This led to consistent chatter regarding a trade of Martinez to an American League team.  This picked up steam after Mike Shildt replaced Matheny as manager.  Although Fowler was scuffling along with a batting average in the .170s, Shildt committed the team to giving him everyday at bats as the right fielder.  This worked out about as well as it had all season.  Fowler played in all of the first 17 games of the Shildt regime – starting 15.  Dexter hit .204 in those games, and the team went 9-8.

Fowler might still be in right field, except that his seventeenth game under Shildt would be his last for awhile – he was sidelined after breaking his foot.  It opened an outfield spot for Jose, who hasn’t stopped hitting since.  And the team hasn’t stopped winning.

The future is still a little murky for one of the Cardinals’ driving offensive forces.  At some point – probably before the 2019 season starts – a decision is going to have to be made about the future of Fowler.  In Dexter’s defense, his career suggests that he is a much better player than he has shown this year.  Furthermore, I always remind people that at the end of last year – in those important September games – Fowler was one of the few Cardinals still getting big hits in high-leverage situations.

Still, the thought of St Louis parting ways with Martinez (whose outfield defense is more than passable) in favor of Fowler doesn’t sit terribly well with me.

With his first-inning home run, Jose drove in Carpenter who had reached third with less than two outs.  Martinez has now delivered that runner (runner on third with less than two outs) in 4 of 5 opportunities this month, in 6 of 8 such chances in the second half, and, now, 63% of the time this year (15 of 24).

Jose did strikeout last night – his seventy-fifth strikeout of the season.  Of course, he went down swinging.  Martinez has only taken a called third strike 12 times this season.  With just 16% of his strikeouts being called third strikes, Martinez has the lowest such percentage of any Cardinal with at least 100 plate appearances.

Of the seven swings he took last night, that strikeout was his only miss.  For a guy whose swing is quite healthy – and produces notable power – Martinez rarely swings and misses.  While the entire team is missing on 22.3% of their swings this month, Martinez is missing on just 16.5%.  For the season, the team as a whole is missing on 23.7% of their swings, while Jose misses just 18.8% of the time.

Jose was the only Cardinal hitter last night that didn’t take at least one called strike during the course of the game.

More Good Offense

A battling overall offense, that ended the game fouling off 30 pitches and forcing 152 pitches (4.11 per plate appearance) from the Pirate staff ended up with 5 more runs on 10 hits.  They have now scored at least 5 runs in 16 of their 25 games this month – averaging 5.24 runs per game – while hitting .275 as a team in August.

Matt Carpenter

On the heels of his 4 double game in Colorado, Matt Carpenter added two more hits last night.  Carpenter is hitting .299 (43 for 144) in the second half.

When Matt came to the plate in the third after Jack Flaherty led off the inning with a single, it was the seventy-fifth time this season that Carpenter was up in a double play situation.  He has yet to ground into one – Carpenter lined out to center.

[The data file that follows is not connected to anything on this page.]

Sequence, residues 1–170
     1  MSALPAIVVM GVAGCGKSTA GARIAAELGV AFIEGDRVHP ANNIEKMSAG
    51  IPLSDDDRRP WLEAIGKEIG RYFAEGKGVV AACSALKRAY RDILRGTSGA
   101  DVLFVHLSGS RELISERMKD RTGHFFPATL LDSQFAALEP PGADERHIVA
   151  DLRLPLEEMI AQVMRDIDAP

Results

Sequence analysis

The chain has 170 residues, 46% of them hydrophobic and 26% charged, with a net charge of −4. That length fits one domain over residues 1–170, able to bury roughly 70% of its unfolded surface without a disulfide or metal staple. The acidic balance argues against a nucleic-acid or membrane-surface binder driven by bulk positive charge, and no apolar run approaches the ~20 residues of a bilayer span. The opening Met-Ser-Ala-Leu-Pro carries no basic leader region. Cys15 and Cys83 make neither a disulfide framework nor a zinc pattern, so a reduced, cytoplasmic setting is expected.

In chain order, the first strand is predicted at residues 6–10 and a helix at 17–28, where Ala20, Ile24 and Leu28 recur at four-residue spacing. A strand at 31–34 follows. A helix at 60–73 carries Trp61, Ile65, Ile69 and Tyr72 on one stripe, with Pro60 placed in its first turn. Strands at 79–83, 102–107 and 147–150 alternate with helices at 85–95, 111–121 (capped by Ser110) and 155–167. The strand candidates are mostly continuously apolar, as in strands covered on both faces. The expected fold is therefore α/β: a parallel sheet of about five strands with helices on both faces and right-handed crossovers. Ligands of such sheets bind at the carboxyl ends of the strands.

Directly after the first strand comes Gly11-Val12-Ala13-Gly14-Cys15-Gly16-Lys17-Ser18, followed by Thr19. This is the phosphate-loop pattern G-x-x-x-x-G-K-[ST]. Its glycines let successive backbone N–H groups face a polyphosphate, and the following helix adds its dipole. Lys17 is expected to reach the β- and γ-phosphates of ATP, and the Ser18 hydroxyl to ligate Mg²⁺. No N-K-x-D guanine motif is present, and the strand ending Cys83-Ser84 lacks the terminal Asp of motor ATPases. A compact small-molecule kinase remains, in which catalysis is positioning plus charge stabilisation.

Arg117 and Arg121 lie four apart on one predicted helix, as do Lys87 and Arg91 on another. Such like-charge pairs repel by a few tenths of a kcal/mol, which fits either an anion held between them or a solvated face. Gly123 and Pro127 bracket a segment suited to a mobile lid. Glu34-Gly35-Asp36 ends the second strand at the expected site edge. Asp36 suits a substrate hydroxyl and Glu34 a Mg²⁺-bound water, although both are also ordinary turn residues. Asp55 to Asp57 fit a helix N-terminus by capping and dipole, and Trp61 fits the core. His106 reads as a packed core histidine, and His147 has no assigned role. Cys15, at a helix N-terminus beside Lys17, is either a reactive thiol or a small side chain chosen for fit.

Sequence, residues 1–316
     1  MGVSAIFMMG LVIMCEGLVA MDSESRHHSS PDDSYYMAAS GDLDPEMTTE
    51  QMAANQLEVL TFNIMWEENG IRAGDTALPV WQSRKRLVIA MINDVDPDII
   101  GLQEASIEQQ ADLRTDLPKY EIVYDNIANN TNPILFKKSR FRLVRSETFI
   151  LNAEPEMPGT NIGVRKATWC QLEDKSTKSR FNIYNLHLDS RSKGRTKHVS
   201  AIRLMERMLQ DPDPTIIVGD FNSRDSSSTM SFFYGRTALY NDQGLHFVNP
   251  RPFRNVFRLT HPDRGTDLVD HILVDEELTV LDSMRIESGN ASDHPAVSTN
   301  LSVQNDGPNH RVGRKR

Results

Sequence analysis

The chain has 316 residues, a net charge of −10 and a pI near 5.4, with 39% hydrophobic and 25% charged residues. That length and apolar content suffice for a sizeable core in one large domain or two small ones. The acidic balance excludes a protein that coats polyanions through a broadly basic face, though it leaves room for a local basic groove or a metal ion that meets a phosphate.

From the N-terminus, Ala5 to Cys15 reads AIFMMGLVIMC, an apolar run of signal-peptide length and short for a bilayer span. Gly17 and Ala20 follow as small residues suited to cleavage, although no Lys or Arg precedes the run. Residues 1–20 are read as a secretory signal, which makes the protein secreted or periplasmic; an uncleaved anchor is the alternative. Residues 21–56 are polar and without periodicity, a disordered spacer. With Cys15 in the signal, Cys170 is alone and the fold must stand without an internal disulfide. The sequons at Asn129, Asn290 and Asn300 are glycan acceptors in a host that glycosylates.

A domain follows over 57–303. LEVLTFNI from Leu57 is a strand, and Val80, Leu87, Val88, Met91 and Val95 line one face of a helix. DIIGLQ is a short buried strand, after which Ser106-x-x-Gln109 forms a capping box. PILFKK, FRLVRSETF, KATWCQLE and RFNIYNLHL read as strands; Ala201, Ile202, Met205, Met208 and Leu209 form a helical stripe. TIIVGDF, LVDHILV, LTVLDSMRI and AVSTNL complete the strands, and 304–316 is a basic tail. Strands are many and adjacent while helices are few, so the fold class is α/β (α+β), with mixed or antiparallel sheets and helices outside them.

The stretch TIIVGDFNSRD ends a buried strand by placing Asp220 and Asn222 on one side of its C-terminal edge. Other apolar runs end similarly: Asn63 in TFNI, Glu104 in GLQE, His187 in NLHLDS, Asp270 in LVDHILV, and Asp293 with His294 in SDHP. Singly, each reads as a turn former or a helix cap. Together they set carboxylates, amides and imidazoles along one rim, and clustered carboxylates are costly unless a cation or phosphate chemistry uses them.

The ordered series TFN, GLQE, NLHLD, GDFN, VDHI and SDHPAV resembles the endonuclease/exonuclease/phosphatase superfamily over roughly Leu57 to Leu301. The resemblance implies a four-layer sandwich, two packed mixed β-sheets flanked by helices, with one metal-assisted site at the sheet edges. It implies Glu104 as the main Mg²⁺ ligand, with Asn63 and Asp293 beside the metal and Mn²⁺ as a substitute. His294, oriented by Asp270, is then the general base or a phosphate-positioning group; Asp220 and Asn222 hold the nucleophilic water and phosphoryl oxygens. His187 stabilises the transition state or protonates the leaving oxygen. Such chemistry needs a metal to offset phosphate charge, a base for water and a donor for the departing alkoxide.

As always, Matt is very discriminating in the batter’s box.  Of the 24 pitches he saw last night, he took 10 of them for balls.  So far this month, 42.9% of the pitches thrown to Carpenter have been taken for balls.  His season percentage of 41.7% balls leads all Cardinal regulars.  Fowler is next at 40.4%.

This patience allows Carpenter to see more pitches than any other Cardinal.  With 24 pitches in 5 plate appearances last night, Matt is up to a team-leading 4.21 per plate appearance.  Young Harrison Bader is actually right behind at 4.20.

Paul DeJong

Amid the team’s offensive resurgence, Paul DeJong is still stuck in neutral.  He went hitless in three at bats last night – with two strikeouts.  Over his last 7 games, Paul is just 3 for 27 (.111) with 15 strikeouts.  In the season’s second half, DeJong is hitting just .196 (27 for 138).

Along with the decrease in his average, Paul has experienced an increase in his foul balls.  He fouled the ball off on 3 of his 6 swings last night.  Throughout the season’s first half, DeJong only hit foul balls with 32.9% of his swings.  Since the break, 43.0% of his swings have resulted in fouls.

The obvious tangent to this is fewer balls hit into play.  From his 6 swings last night, DeJong only managed 1 ball put into play.  Over the last 30 games, Paul is getting the ball into play with only 31.4% of his swings.

His recent struggles seem to be more of a timing issue.

While it is commonly thought that Matt Carpenter is the Cardinal least likely to swing at the first pitch of an at bat, that is actually no longer true.  Paul DeJong has taken that title from him.  Paul took all four first pitches thrown to him last night, and for the season is swinging at that pitch only 15.6% of the time.  Carpenter swings at the first pitch 18% of the time.  Perhaps this is too much passivity, as 3 of those 4 first pitches he took last night were strikes.

If tentative to swing at the first pitch, Paul shows little inhibition toward swinging at the last pitch.  On both of his strikeouts, he went down swinging.

Over the last 30 team games, Paul has struck out 34 times – 28 of them swinging.  Previous to that, 19 of his first 60 strikeouts (31.7%) had come on called third strikes.

Jack Flaherty